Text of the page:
As mentioned last week, it looks like Google recently made an update to its core ranking algorithm. However, apart from confirming that this was not a Penguin update, Google has remained tight-lipped on the matter.
The last Penguin update is getting close to two years ago which, by Internet standards, is an exceedingly long time. (Internet years are like dog years).
The Penguin algorithm is used by Google to detect and penalise websites that have indulged in manipulative link building practices that violate Google Webmaster Guidelines.
Sites hit with a Penguin penalty can clean up their act by removing and disavowing problematic links. However, unlike manual link penalties Google notifies webmasters about, simply cleaning up the mess and submitting a re-inclusion request doesn’t fix things and make the Penguin penalty go away. (Re-inclusion requests cannot be submitted for Penguin penalties).
The penalty remains in place until Google next does a Penguin update…
And, as mentioned above, it’s been a very long time since the last update. This is why being hit with a Penguin penalty can be so debilitating and even the death knell for some websites.
Not surprisingly a great many website owners who have previously been hit by Penguin and since cleaned up their links are now anxiously awaiting the next Penguin update. Their hope is that once this happens Google will remove the past penalty and they will start to recover lost rankings and the associated traffic and conversions these bring.
Late last week Google issued a stern reminder to webmasters about the risk of links in widgets which violate Webmaster Guidelines and can result in manual penalties being imposed by Google.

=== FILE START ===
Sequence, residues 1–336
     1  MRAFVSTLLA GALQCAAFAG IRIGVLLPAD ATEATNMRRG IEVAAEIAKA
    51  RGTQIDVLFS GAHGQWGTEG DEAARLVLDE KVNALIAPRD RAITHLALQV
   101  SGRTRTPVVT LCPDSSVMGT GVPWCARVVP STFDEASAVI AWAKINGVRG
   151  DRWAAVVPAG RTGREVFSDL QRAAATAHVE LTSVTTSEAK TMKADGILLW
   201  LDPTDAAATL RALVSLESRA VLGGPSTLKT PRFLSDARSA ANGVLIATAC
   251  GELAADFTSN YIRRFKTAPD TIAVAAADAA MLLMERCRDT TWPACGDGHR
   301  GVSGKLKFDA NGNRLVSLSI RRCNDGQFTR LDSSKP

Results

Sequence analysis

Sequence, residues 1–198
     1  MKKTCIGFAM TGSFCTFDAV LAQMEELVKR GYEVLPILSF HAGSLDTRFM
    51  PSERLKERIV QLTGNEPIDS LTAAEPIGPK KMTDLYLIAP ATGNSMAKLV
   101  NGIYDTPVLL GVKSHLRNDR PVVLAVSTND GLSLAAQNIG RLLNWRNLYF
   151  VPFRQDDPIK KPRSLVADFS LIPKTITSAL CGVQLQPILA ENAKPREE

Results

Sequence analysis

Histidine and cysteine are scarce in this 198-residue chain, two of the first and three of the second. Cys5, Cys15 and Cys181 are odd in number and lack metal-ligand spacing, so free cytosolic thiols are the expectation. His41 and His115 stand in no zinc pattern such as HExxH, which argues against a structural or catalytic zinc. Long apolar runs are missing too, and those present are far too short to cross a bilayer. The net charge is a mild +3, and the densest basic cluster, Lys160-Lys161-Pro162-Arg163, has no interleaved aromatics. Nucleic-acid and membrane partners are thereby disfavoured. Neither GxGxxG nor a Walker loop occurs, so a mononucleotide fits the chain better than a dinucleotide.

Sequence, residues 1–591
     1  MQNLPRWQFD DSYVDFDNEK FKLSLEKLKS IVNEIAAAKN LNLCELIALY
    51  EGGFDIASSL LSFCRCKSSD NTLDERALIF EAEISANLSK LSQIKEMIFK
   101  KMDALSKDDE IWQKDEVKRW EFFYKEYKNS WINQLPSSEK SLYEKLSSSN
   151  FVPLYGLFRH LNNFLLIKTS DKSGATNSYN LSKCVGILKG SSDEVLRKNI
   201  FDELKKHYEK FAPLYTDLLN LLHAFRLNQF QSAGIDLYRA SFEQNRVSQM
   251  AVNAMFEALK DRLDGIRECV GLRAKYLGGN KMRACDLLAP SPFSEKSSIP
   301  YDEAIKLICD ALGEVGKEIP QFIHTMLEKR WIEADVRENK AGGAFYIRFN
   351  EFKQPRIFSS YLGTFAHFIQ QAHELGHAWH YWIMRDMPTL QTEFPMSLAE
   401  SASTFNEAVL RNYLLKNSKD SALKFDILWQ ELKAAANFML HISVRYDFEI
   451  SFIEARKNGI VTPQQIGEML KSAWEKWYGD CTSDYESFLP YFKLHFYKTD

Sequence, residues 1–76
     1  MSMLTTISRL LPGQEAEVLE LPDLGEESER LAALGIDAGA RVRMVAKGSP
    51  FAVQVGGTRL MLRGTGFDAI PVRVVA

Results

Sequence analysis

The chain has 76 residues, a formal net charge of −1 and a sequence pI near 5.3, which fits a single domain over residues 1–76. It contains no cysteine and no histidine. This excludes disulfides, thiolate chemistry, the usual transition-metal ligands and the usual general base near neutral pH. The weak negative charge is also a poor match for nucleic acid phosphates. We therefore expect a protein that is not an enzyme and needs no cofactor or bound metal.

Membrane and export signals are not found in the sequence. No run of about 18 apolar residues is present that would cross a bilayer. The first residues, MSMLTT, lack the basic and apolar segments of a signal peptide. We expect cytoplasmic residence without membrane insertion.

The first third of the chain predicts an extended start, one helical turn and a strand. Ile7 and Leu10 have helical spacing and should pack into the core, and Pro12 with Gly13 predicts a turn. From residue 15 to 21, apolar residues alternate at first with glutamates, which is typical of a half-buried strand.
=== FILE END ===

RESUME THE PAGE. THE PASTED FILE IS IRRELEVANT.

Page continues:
Widgets are third party elements website owners embed into their website usually to provide additional functionality or to make it more engaging to users. One example is travel distance calculator widgets that are frequently found on travel websites.
Google has no issue with these per se, however, some widgets add links to a site that a webmaster did not editorially place and contain anchor text that the webmaster does not control. Because these links are not naturally placed, they’re considered a violation of Google Webmaster Guidelines. Below are examples Google has given of widgets which contain links that violate Webmaster Guidelines:
Google warns if they find these on your site they may take manual actions against unnatural links. When a manual action is taken, Google will notify you through Google Search Console. If you receive a warning about unnatural links you need to sort them out and then submit a request reconsideration to Google.
Google’s advice to webmasters who use widgets on their sites is to check those widgets for any unnatural links. And if they find these widgets do contain embedded links add a rel=”nofollow” attribute or remove the links entirely from the widget.
Google doesn’t necessarily appear to be taking its own medicine, however. Many websites utilise the Google Translate widget shown below to automatically translate their website into other languages.
This widget features a link to https://translate.google.com/ using the anchor text “Powered by Translate”. This is a dofollow link embedded into the widget by Google and so, on the surface, would appear to contravene Google’s own guidelines. A check in AHREFS shows about 3,000 backlinks to https://translate.google.com/ from this embedded widget link.
Why should you care?
Given this notification by Google, it’s likely to be a heads up warning that Google will shortly be taking action against websites using widgets with unnatural links. So take the hint if your site uses widgets — check them now.
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